Canard's most important contributions were on mathematical economics where he attempted to use his mathematical skills to attack economic problems such as taxation, supply and demand, pricing and value. He wrote a number of works such as Principes d'économie politique (1801), Moyens de perfectionner le jury (1802), Traité élémentaire du calcul des inéquations (1808), Éléments de météorologie (1824) and Mémoire sur les causes qui produisent la stagnation et le décroissement du commerce en France (1826). The first of these was written as consequence of a winning submission Canard made to a prize competition proposed by the French National Institute of Sciences and Arts. The topic for the competition was taxation, with the specific question being: "Est-il vrai que, dans un pays agricole, toute espèce d'impôt retombe en dernier terme sur les propriétaires fonciers, et si l'on se décide par l'affirmative, les contributions indirectes retombent-elles sur ces mêmes propriétaires avec une surcharge?" In fact Canard made a number of both successful and unsuccessful submissions to various competitions proposed by the French National Institute. He entered the 1798 competition, "Déterminer quelle a été l'influence des signes sur la formation des idées" with no success but received an honourable mention a couple of years later for his essay "To determine the influence of habit on the faculty of thinking, or, in other words, to see the effects produced on each of our mental faculties by the frequent repetition of the same operation". Thierry Martin explains that Canard was quite successful in these competitions [15]:-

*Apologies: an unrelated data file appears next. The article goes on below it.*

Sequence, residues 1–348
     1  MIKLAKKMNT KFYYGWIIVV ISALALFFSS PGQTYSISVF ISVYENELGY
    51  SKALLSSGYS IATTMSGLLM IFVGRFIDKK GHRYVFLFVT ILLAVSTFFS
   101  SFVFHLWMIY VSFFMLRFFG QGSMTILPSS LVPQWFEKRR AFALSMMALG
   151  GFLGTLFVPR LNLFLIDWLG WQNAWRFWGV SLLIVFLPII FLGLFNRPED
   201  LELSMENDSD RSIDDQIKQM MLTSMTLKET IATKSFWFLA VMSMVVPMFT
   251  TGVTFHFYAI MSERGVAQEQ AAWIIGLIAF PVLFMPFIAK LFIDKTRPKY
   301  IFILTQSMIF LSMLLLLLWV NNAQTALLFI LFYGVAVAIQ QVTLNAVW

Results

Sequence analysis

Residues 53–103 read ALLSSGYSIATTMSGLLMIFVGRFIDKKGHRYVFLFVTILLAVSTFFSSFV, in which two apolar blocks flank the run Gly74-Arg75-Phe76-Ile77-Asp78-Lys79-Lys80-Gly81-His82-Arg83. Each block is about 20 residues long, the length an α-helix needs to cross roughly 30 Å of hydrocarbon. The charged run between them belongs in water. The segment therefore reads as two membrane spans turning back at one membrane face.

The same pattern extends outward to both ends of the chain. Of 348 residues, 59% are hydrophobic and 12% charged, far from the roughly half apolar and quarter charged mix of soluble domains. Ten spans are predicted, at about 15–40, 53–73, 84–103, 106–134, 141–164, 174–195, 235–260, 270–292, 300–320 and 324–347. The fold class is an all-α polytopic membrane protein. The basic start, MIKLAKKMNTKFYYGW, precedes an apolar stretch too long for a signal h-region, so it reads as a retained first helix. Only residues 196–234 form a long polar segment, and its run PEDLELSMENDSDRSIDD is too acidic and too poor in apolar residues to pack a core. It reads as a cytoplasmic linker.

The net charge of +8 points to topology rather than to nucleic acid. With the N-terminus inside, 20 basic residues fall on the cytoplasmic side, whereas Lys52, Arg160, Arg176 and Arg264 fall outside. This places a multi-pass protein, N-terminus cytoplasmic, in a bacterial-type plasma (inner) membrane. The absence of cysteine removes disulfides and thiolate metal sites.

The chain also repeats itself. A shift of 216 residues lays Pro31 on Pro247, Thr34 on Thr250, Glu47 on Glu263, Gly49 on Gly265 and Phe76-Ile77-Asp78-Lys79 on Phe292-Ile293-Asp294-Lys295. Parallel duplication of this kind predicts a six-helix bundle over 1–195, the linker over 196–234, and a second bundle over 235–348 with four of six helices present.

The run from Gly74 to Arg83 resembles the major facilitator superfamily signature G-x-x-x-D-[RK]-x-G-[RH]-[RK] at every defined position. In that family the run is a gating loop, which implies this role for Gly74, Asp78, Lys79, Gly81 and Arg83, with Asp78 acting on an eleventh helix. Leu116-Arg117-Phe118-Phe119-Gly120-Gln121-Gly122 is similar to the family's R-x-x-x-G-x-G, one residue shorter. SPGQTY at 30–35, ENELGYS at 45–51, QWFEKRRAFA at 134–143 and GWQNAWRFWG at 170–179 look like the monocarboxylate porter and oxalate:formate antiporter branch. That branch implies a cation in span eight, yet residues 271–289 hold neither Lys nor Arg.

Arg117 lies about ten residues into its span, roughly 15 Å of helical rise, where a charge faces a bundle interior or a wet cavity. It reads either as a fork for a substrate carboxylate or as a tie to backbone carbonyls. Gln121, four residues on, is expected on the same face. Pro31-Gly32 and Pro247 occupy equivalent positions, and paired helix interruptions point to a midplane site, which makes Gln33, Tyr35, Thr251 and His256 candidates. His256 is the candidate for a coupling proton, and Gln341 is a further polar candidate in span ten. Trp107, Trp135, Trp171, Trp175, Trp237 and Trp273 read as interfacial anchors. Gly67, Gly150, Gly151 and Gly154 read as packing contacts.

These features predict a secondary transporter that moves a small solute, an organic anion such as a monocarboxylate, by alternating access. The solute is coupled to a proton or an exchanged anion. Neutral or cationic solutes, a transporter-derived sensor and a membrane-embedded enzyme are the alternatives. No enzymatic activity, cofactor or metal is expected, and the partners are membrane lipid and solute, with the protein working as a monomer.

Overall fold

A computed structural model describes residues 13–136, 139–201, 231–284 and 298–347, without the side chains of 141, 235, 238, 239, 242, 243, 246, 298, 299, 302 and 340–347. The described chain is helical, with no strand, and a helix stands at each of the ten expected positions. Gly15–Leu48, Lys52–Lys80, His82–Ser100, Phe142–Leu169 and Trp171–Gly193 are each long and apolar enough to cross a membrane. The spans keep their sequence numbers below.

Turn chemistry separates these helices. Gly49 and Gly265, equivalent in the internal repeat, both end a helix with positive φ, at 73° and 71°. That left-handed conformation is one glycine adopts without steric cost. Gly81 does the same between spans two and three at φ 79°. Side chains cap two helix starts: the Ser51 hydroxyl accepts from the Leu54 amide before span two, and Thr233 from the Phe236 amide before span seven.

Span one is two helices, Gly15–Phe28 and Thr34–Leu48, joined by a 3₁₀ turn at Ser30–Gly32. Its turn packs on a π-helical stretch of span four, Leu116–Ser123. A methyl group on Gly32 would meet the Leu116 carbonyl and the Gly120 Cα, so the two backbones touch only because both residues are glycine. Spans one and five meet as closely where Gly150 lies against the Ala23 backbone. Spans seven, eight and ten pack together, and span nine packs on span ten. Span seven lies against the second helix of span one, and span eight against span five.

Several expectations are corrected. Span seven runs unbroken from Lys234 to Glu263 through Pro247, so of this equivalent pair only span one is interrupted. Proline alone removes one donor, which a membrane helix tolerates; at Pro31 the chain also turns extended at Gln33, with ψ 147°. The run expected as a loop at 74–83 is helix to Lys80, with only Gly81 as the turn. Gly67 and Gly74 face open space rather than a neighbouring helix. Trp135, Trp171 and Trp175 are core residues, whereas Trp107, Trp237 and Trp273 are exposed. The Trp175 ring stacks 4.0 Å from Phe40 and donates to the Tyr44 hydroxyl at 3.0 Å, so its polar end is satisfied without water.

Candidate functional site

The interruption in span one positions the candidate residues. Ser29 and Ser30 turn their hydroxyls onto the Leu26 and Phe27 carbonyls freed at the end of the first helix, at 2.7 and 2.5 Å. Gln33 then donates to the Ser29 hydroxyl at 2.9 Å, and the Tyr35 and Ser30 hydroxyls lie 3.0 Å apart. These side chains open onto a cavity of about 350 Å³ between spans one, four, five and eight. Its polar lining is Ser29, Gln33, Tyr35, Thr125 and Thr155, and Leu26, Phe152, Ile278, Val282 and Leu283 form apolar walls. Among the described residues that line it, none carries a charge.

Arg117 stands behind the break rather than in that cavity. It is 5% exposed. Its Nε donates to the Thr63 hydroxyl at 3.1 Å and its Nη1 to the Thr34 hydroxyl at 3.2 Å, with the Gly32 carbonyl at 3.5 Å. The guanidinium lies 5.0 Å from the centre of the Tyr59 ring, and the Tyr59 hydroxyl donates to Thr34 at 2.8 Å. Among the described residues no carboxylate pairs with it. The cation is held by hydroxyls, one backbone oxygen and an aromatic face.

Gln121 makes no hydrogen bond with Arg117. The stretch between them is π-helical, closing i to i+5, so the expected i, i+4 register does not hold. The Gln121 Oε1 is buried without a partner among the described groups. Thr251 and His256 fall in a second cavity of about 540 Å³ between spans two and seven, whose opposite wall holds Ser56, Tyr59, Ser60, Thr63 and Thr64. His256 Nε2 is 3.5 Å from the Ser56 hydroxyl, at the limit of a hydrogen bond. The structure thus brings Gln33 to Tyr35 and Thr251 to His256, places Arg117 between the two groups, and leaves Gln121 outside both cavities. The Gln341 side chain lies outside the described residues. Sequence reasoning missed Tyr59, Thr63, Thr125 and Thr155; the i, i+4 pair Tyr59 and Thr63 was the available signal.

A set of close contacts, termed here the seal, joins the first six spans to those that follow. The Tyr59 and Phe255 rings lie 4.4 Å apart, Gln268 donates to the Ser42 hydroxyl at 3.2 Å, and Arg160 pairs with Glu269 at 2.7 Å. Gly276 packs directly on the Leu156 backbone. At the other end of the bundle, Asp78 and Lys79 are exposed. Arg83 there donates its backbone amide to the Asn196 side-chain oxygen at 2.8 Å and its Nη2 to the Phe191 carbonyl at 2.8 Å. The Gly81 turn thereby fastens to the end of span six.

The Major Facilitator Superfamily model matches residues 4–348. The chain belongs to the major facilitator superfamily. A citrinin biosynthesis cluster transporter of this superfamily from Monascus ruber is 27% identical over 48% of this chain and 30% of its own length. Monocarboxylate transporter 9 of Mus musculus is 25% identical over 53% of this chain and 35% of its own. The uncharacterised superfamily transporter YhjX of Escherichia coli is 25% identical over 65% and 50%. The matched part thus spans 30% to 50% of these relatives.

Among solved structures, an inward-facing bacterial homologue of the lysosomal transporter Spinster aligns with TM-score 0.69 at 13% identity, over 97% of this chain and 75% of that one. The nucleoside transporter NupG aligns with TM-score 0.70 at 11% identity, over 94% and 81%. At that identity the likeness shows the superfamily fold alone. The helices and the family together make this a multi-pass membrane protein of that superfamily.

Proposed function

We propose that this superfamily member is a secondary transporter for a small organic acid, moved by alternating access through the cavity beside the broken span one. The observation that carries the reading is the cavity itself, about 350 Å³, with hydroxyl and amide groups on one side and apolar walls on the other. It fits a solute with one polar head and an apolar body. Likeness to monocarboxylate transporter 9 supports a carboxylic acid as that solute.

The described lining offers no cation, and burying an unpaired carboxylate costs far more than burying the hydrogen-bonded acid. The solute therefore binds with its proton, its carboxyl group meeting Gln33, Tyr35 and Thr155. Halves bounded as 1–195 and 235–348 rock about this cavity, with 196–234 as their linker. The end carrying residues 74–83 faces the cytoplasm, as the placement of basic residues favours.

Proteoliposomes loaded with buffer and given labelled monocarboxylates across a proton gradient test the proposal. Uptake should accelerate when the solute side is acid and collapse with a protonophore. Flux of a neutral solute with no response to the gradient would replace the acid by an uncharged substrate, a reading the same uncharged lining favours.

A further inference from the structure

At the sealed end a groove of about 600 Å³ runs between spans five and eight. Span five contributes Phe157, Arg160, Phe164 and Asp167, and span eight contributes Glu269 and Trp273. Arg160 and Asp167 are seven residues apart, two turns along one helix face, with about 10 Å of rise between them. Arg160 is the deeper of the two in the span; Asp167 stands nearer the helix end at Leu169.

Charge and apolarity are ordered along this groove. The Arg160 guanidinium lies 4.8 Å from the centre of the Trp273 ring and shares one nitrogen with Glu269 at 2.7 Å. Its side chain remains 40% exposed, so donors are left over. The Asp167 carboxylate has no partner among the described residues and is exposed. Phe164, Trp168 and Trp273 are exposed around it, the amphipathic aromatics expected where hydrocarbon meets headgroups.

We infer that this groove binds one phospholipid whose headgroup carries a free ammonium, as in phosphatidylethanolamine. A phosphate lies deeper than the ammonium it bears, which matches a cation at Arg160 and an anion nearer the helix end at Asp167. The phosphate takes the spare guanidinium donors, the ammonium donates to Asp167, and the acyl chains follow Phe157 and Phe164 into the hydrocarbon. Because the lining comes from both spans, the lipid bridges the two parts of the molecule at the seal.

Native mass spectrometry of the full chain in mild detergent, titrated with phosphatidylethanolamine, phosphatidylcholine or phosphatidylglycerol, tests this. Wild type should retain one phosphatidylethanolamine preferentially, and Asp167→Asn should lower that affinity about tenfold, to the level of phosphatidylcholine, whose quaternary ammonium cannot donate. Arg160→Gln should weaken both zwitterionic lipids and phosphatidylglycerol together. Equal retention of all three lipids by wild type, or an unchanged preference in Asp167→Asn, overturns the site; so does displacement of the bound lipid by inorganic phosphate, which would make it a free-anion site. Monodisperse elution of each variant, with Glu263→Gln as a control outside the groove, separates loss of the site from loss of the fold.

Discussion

So Canard gets two honourable mentions, both in the first section, and twice won the prize, the first time in 1801 for his 'Memoir on tax', the second the following year for the dissertation on "Ways to improve the jury." The succession of memoirs and their distribution among the different sections of the classes of moral and political sciences show no clear trend in the direction of Canard's scientific interests. Beginning in 1796 with an analysis of an economic nature, he immediately abandons this area to turn to the theory of knowledge, before returning to economic analysis, after a detour through morality, before turning to the legal field, then returning to the theory of knowledge.
However, the quality of Canard's attempt to apply mathematical techniques, in particular algebraic techniques, to economics has been much criticised. The referees of his competition entries pointed out errors in the way that Canard had applied some of his mathematical machinery. Some later workers have been extremely critical. For example, we quote Joseph Bertrand writing in 1888:-
Citizen Canard, although a mathematics teacher, is ignorant of or forgets the elements of the calculus of functions ... How did he become a laureate of the Institute? On the report of which commission, I have not had the indiscretion to seek answers.
However, more recent reappraisals of Canard's contributions have shown that his work does have merit for, although there are errors, perhaps these are understandable as he is making a study of an unexplored area. Also, it is now possible to see that Canard anticipated some of the ideas which were introduced by later workers.

Ross Robertson writes in [17]:-

To Canard belongs the credit for first attempting a comprehensive treatment of the fundamental problem of price determination as a study in the equilibria of forces. To Canard likewise must be attributed the first unequivocal attempt at supply-and-demand analysis. Whatever his errors may have been, there was a sufficient contribution in his book to have enabled a reader with great technical training and superior intellectual gifts to achieve a clearer and more accurate exposition of the matters which he considered.